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NASA-ESA satellites find Tonga’s volcanic eruption surprisingly changed Earth’s atmosphere


The Hunga Tonga-Hunga Ha‘apai volcano, which made global headlines after its massive eruption on January 15 this year, saw its effects reach outer space, NASA discovered. The American space agency says that its Ionospheric Connection Explorer (ICON) mission and the European Space Agency’s (ESA) Swarm satellites found that the effects reached the edge of Earth’s atmosphere just a few hours after the underwater eruption. These effects became evident when the two missions found hurricane-speed winds and unusual electric currents formed in the ionosphere- Earth’s electrified upper atmospheric layer. Tap here to read more about Tonga’s eruption.

Effects of Tonga eruption reach outer space

(NASA’s illustration of Tonga volcanic eruption effects; Image: NASA)

The atmosphere changing effects were caught by NASA’s ICON, which was launched in 2019 to identify how Earth’s weather interacts with weather from space. Brian Harding, from the University of California and the lead author of the observational study said in a statement that the Tonga Volcano in the South Pacific created one of the largest disturbances in space seen in the modern era. “It is allowing us to test the poorly understood connection between the lower atmosphere and space”, he added. 

Moreover, Jim Spann, space weather lead for NASA’s Heliophysics Division, said that the findings show how events on Earth can affect weather in space adding that a holistic understanding of space weather “will ultimately help us mitigate its effects on society”.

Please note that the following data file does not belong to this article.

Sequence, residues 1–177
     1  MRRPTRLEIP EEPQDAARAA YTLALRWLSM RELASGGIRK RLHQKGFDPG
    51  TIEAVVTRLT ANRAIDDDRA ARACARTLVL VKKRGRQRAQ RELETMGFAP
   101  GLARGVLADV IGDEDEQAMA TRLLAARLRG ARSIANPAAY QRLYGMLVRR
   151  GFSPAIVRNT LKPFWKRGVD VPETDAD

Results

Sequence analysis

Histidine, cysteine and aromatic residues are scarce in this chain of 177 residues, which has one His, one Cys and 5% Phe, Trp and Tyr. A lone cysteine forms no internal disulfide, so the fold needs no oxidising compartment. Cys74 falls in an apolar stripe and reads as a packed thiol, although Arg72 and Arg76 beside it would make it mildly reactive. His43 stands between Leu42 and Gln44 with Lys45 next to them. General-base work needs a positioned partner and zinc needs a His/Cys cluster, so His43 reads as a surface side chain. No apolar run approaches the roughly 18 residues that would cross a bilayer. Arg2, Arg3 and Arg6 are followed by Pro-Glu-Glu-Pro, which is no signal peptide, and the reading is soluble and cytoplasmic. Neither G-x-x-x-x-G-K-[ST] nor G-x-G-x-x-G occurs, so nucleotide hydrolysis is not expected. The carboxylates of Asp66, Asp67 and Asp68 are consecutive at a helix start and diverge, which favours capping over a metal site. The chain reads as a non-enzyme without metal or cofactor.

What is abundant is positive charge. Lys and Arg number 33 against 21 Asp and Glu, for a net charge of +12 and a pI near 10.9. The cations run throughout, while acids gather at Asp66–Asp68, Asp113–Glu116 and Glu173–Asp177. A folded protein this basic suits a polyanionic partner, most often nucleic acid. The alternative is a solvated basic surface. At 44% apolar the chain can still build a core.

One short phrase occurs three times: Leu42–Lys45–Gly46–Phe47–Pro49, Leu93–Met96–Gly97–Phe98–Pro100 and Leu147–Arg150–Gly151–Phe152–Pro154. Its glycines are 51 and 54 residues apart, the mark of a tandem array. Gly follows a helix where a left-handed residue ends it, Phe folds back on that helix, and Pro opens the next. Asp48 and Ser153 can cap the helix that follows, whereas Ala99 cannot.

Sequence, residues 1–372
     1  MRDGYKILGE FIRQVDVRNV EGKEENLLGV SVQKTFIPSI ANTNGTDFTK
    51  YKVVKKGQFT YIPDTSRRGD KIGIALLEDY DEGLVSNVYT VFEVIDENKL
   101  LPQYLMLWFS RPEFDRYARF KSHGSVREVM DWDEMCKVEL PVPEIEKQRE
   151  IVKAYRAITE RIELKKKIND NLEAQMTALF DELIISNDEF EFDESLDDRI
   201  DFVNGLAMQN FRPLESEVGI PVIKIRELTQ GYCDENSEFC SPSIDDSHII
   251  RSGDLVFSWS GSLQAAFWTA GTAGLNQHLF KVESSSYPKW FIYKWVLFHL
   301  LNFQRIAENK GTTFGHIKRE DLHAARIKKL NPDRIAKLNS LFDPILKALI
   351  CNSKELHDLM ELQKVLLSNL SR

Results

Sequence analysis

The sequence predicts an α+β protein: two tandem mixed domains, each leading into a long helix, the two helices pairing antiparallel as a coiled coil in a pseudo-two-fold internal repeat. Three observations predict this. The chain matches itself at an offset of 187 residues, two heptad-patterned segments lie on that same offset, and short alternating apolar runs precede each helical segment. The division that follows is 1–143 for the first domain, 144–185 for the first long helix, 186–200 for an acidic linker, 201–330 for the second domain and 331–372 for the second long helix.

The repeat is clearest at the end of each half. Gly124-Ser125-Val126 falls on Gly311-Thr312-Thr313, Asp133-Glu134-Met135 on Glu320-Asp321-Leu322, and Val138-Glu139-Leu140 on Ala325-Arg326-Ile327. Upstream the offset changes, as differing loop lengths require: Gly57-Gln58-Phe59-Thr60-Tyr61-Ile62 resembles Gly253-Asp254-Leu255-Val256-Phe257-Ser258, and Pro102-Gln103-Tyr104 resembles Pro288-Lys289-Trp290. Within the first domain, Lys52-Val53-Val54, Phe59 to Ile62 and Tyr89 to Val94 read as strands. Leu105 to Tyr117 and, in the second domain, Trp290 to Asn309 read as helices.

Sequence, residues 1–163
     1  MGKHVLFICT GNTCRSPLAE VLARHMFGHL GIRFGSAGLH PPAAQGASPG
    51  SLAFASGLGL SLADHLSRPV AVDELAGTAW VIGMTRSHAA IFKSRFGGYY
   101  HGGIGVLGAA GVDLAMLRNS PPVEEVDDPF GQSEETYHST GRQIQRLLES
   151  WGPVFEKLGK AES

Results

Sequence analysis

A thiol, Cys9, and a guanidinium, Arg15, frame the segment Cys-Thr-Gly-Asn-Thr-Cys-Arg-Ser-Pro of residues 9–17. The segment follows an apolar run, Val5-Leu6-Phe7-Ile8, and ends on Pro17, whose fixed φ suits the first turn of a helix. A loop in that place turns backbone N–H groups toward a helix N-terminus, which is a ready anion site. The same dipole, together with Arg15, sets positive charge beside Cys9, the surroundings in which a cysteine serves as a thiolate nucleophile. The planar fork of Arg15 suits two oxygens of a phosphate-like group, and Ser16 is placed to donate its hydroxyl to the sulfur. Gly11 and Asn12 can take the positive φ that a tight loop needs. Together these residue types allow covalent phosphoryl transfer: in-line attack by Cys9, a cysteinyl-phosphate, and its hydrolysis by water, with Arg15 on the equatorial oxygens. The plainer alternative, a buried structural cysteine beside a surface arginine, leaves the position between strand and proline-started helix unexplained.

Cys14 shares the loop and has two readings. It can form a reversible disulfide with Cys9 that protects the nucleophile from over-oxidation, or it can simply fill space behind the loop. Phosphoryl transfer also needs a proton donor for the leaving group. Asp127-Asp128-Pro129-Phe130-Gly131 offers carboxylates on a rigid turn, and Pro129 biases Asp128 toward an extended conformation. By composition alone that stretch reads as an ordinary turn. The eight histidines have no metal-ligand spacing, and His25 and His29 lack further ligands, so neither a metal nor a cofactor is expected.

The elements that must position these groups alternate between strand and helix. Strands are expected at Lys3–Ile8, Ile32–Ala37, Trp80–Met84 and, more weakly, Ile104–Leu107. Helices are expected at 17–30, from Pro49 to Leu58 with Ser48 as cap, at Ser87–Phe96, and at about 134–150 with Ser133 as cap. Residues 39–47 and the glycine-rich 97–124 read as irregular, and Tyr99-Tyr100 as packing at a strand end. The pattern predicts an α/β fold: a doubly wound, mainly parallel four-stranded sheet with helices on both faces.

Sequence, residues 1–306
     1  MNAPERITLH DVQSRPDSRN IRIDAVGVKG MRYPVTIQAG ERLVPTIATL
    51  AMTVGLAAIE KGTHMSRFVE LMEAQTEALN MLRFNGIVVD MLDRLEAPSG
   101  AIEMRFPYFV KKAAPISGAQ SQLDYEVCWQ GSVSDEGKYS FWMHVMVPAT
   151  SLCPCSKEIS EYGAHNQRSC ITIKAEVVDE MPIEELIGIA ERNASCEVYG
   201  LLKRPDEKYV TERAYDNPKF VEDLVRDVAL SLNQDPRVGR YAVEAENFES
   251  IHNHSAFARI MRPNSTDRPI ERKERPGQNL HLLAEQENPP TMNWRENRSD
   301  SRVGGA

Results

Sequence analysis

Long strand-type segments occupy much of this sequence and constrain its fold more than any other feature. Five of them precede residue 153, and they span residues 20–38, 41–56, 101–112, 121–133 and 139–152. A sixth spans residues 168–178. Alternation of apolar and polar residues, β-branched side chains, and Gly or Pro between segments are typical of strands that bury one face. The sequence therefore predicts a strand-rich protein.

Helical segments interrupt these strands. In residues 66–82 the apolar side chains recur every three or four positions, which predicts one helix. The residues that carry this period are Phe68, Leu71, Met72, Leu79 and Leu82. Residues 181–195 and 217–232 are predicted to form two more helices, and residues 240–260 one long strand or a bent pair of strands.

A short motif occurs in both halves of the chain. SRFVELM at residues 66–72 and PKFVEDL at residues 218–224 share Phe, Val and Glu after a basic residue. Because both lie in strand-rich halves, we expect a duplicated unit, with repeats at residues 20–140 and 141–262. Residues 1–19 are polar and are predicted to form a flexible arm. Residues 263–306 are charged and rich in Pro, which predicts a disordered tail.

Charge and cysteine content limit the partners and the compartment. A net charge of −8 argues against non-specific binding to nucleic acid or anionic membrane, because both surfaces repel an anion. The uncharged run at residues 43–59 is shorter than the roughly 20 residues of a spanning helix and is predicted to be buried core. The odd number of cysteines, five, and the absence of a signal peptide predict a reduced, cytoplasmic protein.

The satellites observing the massive phenomenon captured giant plumes of gases, water vapor, and dust being pushed into the sky. Scientists compiling the new findings also reported that the explosion created large pressure disturbances in the atmosphere leading to strong winds reaching speeds up to 724 kmph. Notably, the winds started moving faster as they expanded upwards into thinner atmospheric layers. What’s more, is that the explosion also flipped the direction of the flow of particles in the ionosphere, which is always due east. These particles form the electric current – called the equatorial electrojet – and are powered by winds in the lower atmosphere.

The scientists have published their findings in the journal Geophysical Research Letters and stated that it has improved their understanding of how the ionosphere is affected by events on the ground as well as from space.


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